Published online by Cambridge University Press: 04 March 2019
Differences in material conditions are a determinant that explains the little divergence between northwestern and southern Europe. This article approaches the evolution of prices in early modern Toledo (Spain). The price index includes new items such as housing and employs different baskets over time, reflecting changes in consumption patterns. During the city’s golden age, prices grew faster than in London, Paris, or Amsterdam. Wine, urban rent, and food prices experienced a great increase, coinciding with demographic growth and the arrival of the American precious metals. Prices slowed in the first half of the seventeenth century, throughout Castile’s demographic and economic decay.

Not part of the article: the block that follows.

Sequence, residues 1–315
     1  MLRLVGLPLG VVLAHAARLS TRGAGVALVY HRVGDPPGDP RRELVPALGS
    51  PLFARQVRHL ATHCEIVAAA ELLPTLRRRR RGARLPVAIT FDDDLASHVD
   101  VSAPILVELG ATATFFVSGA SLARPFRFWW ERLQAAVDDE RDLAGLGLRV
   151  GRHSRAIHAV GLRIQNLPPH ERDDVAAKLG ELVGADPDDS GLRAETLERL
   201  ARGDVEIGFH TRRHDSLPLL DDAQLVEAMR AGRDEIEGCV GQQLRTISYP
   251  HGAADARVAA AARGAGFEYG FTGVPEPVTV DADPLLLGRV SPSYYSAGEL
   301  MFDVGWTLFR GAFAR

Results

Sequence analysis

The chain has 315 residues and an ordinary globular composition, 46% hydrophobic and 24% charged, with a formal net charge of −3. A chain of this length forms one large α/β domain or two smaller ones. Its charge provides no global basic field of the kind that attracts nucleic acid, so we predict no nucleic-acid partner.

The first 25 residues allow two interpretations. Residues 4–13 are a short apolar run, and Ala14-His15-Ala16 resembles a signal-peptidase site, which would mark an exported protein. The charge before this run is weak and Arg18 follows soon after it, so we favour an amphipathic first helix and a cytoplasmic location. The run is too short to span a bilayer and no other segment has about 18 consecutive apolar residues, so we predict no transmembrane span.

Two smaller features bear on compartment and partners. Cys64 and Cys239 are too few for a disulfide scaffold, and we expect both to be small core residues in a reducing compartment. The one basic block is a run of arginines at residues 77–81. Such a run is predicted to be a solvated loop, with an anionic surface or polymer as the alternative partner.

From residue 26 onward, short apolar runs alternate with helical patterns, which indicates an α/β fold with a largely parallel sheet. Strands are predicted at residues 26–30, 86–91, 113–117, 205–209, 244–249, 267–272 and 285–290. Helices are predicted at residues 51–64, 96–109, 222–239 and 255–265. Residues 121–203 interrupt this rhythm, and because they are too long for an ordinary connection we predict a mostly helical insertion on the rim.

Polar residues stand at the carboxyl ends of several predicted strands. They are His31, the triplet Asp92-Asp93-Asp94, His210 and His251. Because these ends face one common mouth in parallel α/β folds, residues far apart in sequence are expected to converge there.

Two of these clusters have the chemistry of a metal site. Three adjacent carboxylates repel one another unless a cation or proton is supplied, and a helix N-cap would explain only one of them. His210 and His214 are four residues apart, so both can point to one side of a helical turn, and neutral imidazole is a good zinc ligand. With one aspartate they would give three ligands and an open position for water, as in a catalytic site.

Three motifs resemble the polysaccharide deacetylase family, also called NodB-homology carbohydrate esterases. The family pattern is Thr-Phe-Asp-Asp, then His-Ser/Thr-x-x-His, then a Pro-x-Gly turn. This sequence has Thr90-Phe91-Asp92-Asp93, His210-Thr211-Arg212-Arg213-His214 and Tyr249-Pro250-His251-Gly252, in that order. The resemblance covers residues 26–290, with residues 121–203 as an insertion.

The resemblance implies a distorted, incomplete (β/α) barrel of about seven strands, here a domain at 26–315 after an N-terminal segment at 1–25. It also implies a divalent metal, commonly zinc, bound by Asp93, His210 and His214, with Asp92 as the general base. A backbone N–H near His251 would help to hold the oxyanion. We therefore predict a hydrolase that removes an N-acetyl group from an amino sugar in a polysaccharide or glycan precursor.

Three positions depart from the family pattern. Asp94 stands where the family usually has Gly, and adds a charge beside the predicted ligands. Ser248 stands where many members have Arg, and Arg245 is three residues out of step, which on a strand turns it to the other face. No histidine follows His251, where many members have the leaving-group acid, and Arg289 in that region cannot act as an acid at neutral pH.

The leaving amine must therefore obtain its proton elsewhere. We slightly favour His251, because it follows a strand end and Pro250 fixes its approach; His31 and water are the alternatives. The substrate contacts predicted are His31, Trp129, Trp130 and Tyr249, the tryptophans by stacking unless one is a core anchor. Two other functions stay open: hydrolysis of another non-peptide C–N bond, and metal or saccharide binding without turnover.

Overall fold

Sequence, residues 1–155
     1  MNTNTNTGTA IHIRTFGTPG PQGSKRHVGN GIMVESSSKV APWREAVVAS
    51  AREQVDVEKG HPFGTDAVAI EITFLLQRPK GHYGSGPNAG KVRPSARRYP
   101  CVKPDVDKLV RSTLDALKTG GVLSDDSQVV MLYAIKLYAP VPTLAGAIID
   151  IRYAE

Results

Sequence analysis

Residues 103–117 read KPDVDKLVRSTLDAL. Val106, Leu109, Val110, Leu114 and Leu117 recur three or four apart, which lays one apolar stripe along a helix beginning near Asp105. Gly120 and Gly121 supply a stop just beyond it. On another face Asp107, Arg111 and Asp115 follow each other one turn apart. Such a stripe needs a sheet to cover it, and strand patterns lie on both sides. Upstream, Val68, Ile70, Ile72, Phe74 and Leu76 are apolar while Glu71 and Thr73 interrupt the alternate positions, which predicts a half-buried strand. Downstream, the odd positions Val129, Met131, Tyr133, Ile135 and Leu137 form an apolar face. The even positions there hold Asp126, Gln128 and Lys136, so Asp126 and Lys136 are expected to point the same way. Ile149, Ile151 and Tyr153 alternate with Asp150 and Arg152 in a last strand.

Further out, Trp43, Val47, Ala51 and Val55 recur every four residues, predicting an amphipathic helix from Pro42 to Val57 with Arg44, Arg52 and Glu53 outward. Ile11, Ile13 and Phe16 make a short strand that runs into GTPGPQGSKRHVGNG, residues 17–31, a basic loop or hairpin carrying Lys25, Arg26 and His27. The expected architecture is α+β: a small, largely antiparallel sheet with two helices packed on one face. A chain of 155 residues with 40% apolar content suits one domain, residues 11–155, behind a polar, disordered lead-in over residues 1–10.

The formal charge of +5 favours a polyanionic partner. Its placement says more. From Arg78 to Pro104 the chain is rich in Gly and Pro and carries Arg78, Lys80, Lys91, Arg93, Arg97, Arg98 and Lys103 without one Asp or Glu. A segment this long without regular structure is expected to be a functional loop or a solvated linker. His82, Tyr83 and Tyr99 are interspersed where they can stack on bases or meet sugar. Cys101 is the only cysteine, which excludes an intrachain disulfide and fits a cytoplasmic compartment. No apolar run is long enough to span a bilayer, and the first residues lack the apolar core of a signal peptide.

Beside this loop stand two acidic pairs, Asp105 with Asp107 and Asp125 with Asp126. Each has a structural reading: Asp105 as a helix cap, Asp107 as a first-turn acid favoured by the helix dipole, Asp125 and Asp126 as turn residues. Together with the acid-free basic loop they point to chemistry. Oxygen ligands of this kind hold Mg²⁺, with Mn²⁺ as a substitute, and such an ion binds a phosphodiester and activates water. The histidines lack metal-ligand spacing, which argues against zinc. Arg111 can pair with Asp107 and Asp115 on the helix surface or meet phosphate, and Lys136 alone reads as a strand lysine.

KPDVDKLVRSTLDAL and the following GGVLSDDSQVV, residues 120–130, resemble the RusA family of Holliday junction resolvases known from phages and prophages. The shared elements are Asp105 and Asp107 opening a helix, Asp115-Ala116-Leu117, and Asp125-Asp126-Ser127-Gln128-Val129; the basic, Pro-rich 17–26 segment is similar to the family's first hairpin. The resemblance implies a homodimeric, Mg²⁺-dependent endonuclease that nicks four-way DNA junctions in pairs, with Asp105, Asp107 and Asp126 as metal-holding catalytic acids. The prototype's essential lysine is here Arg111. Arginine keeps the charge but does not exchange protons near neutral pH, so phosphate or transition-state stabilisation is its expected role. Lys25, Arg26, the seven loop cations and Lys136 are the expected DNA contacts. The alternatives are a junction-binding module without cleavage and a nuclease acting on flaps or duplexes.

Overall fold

I am especially grateful to Mauricio Drelichman, Dr. Marina Adshade, María Jesús Fuente, and Enrique Llopis for encouraging me to submit this article. I also thank Philip T. Hoffman, Ernesto López Losa, Ramón Lanza, Jacob Weisdorf, and seminar participants at Carlos III University, the 2017 AEHE conference, Sapienza University, University of the Basque Country, Vancouver School of Economics, and the 2016 SSHA meetings for useful exchanges and suggestions. I acknowledge the assistance of Mariano García Ruipérez at the Archivo Municipal de Toledo, as well as that of staff at the Archivo y Biblioteca Capitulares de Toledo. All errors remain my own.